NLTS conjecture is a fundamental unresolved obstacle and precursor to a quantum analog of PCP.[11]

Notes edit

  1. ^ Ingo Wegener (2005). Complexity Theory: Exploring the Limits of Efficient Algorithms. Springer. p. 161. ISBN 978-3-540-21045-0.
  2. ^ Oded Goldreich (2008). Computational Complexity: A Conceptual Perspective. Cambridge University Press. p. 405. ISBN 978-0-521-88473-0.
  3. ^ Arora, Sanjeev; Barak, Boaz (2009). Computational Complexity: a Modern Approach (PDF) (Draft). Cambridge University Press.
  4. ^ Kozen, Dexter C. (2006). Theory of Computation. Texts in Computer Science. London: Springer-Verlag. pp. 119–127. ISBN 9781846282973.
  5. ^ See the 2005 preprint, ECCC TR05-046. The authoritative version of the paper is Dinur (2007).
  6. ^ EATSC 2019 Gödel Prize, retrieved 2019-09-11.
  7. ^ a b Ito, Tsuyoshi; Vidick, Thomas (2012). "A multi-prover interactive proof for NEXP sound against entangled provers". 53rd Annual IEEE Symposium on Foundations of Computer Science, FOCS 2012, New Brunswick, NJ, USA, October 20–23, 2012. IEEE Computer Society. pp. 243–252. arXiv:1207.0550. doi:10.1109/FOCS.2012.11.
  8. ^ Hardesty, Larry (2012-07-30). "MIT News Release: 10-year-old problem in theoretical computer science falls". MIT News Office. Archived from the original on 2014-02-02. Retrieved 2012-08-10. Interactive proofs are the basis of cryptographic systems now in wide use, but for computer scientists, they're just as important for the insight they provide into the complexity of computational problems.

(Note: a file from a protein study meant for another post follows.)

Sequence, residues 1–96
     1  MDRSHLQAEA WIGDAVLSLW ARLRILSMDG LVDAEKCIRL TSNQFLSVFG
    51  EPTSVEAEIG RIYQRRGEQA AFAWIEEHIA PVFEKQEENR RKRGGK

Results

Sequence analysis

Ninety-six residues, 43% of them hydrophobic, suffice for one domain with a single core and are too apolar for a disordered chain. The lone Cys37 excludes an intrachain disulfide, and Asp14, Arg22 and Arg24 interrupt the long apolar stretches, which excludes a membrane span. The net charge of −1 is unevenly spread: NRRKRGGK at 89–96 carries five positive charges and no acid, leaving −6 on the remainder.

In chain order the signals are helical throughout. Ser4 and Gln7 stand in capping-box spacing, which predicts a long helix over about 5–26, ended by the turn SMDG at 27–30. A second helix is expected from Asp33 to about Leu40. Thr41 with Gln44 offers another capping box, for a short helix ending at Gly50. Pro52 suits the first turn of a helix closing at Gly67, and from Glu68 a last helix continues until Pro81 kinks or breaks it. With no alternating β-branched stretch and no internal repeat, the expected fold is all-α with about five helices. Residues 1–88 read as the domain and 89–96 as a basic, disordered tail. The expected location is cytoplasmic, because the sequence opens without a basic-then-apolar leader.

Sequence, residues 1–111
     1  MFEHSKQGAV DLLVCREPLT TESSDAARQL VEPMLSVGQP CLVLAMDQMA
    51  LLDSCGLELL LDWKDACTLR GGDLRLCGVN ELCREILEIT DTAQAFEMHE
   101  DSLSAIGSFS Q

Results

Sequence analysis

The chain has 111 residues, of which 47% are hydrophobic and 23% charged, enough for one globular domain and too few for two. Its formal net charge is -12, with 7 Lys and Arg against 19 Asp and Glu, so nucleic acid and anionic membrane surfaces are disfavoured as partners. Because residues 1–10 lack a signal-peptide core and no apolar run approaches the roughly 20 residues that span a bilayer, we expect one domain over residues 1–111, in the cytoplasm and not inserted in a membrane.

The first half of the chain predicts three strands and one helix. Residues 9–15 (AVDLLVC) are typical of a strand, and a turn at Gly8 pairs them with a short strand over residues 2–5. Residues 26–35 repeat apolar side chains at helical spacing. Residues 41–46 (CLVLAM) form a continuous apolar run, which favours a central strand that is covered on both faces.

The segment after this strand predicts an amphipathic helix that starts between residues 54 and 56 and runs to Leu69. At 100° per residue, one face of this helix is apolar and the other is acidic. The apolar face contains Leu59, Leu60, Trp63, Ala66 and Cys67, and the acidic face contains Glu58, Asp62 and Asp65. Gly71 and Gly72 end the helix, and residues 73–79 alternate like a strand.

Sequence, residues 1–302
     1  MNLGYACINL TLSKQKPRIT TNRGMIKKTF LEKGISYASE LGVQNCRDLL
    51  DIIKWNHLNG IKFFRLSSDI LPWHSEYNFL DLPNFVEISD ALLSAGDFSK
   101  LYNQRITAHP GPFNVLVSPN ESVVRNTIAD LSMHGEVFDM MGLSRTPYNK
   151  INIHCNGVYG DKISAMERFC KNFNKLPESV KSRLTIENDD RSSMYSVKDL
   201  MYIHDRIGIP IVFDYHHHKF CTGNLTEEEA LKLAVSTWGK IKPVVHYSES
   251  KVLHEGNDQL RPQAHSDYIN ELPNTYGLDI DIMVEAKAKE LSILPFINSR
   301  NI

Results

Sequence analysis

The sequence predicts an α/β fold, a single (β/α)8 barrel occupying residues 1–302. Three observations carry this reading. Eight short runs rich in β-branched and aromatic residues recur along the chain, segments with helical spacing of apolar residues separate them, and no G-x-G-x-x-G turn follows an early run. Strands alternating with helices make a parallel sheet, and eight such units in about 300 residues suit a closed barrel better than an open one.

9. ^ a b Hardesty, Larry (2012-07-31). "10-year-old problem in theoretical computer science falls". MIT News Office. Archived from the original on 2012-08-01. Retrieved 2012-08-10. Dorit Aharonov, a professor of computer science and engineering at Hebrew University in Jerusalem, says that Vidick and Ito's paper is the quantum analogue of an earlier paper on multiprover interactive proofs that "basically led to the PCP theorem, and the PCP theorem is no doubt the most important result of complexity in the past 20 years." Similarly, she says, the new paper "could be an important step toward proving the quantum analogue of the PCP theorem, which is a major open question in quantum complexity theory."
  10. ^ Natarajan, A.; Vidick, T. (October 2018). "Low-Degree Testing for Quantum States, and a Quantum Entangled Games PCP for QMA". 2018 IEEE 59th Annual Symposium on Foundations of Computer Science (FOCS). pp. 731–742. arXiv:1801.03821. Bibcode:2018arXiv180103821N. doi:10.1109/FOCS.2018.00075. ISBN 978-1-5386-4230-6. S2CID 53062680.
  11. ^ "On the NLTS Conjecture". Simons Institute for the Theory of Computing. 2021-06-30. Retrieved 2022-08-08.

References edit